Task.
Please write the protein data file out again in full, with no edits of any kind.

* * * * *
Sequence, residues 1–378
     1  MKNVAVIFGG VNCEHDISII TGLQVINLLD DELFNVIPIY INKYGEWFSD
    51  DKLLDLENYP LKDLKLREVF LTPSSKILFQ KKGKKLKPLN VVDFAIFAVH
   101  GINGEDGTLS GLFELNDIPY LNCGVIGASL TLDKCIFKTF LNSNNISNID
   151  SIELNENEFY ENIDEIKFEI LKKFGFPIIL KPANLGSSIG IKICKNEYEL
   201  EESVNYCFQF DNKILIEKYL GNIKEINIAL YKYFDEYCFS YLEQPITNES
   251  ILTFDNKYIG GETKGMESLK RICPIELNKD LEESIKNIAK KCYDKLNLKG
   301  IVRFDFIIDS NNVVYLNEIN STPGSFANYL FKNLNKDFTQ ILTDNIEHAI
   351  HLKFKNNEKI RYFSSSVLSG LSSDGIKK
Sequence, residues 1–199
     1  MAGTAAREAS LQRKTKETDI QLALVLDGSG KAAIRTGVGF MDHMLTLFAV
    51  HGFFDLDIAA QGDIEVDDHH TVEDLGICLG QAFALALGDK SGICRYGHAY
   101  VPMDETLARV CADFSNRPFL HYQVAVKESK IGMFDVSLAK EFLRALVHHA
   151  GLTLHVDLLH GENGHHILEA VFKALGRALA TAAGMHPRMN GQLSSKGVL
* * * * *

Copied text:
Sequence, residues 1–378
     1  MKNVAVIFGG VNCEHDISII TGLQVINLLD DELFNVIPIY INKYGEWFSD
    51  DKLLDLENYP LKDLKLREVF LTPSSKILFQ KKGKKLKPLN VVDFAIFAVH
   101  GINGEDGTLS GLFELNDIPY LNCGVIGASL TLDKCIFKTF LNSNNISNID
   151  SIELNENEFY ENIDEIKFEI LKKFGFPIIL KPANLGSSIG IKICKNEYEL
   201  EESVNYCFQF DNKILIEKYL GNIKEINIAL YKYFDEYCFS YLEQPITNES
   251  ILTFDNKYIG GETKGMESLK RICPIELNKD LEESIKNIAK KCYDKLNLKG
   301  IVRFDFIIDS NNVVYLNEIN STPGSFANYL FKNLNKDFTQ ILTDNIEHAI
   351  HLKFKNNEKI RYFSSSVLSG LSSDGIKK
Sequence, residues 1–199
     1  MAGTAAREAS LQRKTKETDI QLALVLDGSG KAAIRTGVGF MDHMLTLFAV
    51  HGFFDLDIAA QGDIEVDDHH TVEDLGICLG QAFALALGDK SGICRYGHAY
   101  VPMDETLARV CADFSNRPFL HYQVAVKESK IGMFDVSLAK EFLRALVHHA
   151  GLTLHVDLLH GENGHHILEA VFKALGRALA TAAGMHPRMN GQLSSKGVL